Everyone loves to look at penises. Why this is so is a fair question, but it remains a fact that the penis has a certain allure to it-and there are certainly people beyond Sigmund Freud that will confirm this statement. The theory was given extra credence when the hit teenage comedy Superbad came into theaters this past summer, featuring a hilarious and drawn-out scene of phallic doodlings.
Those who loved this much talked about scene will be happy to hear that these scribblings have been preserved in a new book, Superbad: The Drawings (Newmarket; $15). The book was spawned from the scene in the film where Seth (Jonah Hill) admits to his habit of drawing penises as a child. These sketches feature a lot of variety and are sometimes easily recognizable. A perfect example of this familiarity is the doodle entitled "Seth and Evan Off the Bus Penises," where one can easily tell that the penises resemble the characters from the movie. These cartoon-like images even forced the editor of the book to coin a new term-phallographics, which means "the pictorial representation of a phallus, or a depiction relating to or resembling a phallus."
The book contains 82 illustrations by David Goldberg, brother of Superbad co-writer Evan Goldberg. Goldberg, with co- writer and star, Seth Rogen, got the idea for Superbad in the tenth grade. It was Rogen, however, who came up with the idea for his alter-ego character to have this problem. In the surprisingly informative foreword of the book, Rogen writes, "There was no thought process, just a raw and unfettered moment of true creativity." This provided them the impetus to find someone who could pull off such an assignment.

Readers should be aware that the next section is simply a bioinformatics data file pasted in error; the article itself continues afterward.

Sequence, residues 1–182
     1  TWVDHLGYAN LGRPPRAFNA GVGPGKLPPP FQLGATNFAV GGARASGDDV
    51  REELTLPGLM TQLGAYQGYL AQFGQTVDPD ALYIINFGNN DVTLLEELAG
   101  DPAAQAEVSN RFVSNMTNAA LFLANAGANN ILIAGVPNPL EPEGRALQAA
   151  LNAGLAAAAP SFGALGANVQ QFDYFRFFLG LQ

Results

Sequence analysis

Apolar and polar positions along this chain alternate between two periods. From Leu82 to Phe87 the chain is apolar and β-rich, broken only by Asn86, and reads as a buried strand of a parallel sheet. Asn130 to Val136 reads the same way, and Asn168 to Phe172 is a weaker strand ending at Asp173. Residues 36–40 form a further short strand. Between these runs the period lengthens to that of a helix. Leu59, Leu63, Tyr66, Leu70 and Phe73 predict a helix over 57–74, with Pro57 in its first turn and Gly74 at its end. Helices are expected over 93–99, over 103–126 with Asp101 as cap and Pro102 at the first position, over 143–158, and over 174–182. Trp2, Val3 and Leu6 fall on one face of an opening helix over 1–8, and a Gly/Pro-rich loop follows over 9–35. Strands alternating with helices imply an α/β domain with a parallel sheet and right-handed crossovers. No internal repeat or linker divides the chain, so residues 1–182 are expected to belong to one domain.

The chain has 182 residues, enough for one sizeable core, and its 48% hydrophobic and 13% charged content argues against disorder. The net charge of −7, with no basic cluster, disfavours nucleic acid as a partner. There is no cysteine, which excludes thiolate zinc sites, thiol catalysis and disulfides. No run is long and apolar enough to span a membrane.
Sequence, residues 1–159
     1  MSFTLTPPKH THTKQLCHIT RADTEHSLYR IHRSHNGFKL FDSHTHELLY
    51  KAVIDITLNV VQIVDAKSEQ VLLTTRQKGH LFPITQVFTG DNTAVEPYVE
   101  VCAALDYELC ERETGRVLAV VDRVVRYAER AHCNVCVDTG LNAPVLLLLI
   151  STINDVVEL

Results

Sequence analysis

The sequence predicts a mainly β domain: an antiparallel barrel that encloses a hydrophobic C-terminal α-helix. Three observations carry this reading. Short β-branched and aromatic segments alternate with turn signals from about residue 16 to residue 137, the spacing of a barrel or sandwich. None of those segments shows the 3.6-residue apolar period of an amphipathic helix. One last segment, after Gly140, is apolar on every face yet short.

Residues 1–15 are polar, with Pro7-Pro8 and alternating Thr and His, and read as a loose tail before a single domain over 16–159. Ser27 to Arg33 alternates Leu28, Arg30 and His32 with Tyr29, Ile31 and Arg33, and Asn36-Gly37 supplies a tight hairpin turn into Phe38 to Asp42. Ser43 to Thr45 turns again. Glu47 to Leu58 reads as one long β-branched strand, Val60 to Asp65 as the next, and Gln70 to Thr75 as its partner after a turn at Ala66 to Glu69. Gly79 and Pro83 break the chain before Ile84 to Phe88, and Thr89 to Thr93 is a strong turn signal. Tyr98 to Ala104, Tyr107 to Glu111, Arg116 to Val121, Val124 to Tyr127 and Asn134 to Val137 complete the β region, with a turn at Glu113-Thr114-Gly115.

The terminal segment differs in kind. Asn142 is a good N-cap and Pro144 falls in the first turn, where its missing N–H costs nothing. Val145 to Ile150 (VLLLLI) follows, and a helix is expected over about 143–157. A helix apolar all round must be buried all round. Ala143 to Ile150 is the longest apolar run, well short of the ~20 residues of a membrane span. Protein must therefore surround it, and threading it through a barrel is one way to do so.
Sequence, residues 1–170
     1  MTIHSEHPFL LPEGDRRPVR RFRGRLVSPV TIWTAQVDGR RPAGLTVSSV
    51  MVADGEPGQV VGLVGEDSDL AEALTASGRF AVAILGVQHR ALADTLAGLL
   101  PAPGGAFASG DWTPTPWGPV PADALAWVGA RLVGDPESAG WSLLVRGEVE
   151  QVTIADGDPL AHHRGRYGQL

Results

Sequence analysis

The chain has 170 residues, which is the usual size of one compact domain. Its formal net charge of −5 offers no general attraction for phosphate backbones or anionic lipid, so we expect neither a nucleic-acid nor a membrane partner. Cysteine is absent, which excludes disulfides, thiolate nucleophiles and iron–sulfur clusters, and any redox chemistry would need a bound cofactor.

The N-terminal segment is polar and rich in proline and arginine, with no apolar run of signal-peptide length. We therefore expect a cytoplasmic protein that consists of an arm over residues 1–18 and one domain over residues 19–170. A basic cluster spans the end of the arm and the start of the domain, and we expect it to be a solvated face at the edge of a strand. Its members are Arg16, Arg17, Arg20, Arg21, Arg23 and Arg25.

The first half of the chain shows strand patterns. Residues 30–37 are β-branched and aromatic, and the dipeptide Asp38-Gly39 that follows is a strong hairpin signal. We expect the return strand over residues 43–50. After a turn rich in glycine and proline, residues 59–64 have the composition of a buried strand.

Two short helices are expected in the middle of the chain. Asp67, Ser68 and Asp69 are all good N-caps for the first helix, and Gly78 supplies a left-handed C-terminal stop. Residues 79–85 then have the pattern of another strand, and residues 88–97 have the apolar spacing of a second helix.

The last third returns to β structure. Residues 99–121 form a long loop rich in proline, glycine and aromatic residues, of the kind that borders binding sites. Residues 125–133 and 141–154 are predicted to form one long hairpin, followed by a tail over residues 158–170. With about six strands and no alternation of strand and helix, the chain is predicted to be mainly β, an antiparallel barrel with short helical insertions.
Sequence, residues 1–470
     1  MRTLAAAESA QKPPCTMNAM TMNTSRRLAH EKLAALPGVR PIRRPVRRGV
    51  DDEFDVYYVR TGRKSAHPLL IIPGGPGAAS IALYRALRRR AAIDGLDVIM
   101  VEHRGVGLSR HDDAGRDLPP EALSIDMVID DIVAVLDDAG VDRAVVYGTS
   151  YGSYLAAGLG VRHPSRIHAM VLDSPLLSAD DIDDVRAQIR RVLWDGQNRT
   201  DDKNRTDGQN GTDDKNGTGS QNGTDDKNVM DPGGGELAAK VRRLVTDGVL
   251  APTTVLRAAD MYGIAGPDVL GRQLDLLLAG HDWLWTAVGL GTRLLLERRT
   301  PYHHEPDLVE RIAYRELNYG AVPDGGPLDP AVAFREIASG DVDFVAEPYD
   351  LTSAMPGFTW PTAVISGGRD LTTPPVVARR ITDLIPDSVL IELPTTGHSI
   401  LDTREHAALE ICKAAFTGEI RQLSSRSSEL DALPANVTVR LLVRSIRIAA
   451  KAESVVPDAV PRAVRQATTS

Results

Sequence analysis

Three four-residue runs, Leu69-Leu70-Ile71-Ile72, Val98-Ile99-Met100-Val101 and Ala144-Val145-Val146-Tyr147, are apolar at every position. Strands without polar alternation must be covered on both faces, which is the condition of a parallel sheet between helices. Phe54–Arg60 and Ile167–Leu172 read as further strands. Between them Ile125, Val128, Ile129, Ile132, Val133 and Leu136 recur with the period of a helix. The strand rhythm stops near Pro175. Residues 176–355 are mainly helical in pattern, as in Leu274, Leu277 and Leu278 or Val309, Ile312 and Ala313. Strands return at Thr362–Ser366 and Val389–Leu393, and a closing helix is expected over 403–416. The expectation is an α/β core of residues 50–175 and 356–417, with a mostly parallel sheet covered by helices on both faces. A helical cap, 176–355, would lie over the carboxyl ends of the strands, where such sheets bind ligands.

This is where David Goldberg's talent comes in. Before beginning these classic doodles, Goldberg had to learn the proper way to draw the penis. The research he put in proved invaluable and his proteacute;geacute;es may consider doing the same.
After visiting many museums, studying medical records and reading about the penis, Goldberg finally found his main inspiration at the Icelandic Phallological Museum.
"In this place of uninhibited beauty, surrounded by over one hundred and fifty penises, harvested from forty-two different varieties of sea and land mammals (currently awaiting their first human penis), pen first touched paper," writes Goldberg in the introduction to his drawings.
They illustrate anything from historical events to everyday activities. One example of this is the "Titanic Penis" which basically is a scene from Titanic that replaces the people with penises. They're jumping overboard, laying in the freezing cold water and waiting in lifeboats for help to arrive. Flip a few pages back and you're greeted with the "Inuit Penis" dressed in a parka sitting by a hole in the ice, hoping to catch some fish. On the same page spread, there is the "Paddlin' Penis" dressed as a hillbilly farmer chewing on a piece of straw, wearing a cowboy hat, and paddling a row boat in the middle of a lake. Such illustrations produce immediate laughter in those flipping through and show the talent that Goldberg has.
Phallic cartoons drawn to this level are a rare find these days among the shelves of contemporary literature. Don't let the small size of this book fool you, the content inside is large and satisfying.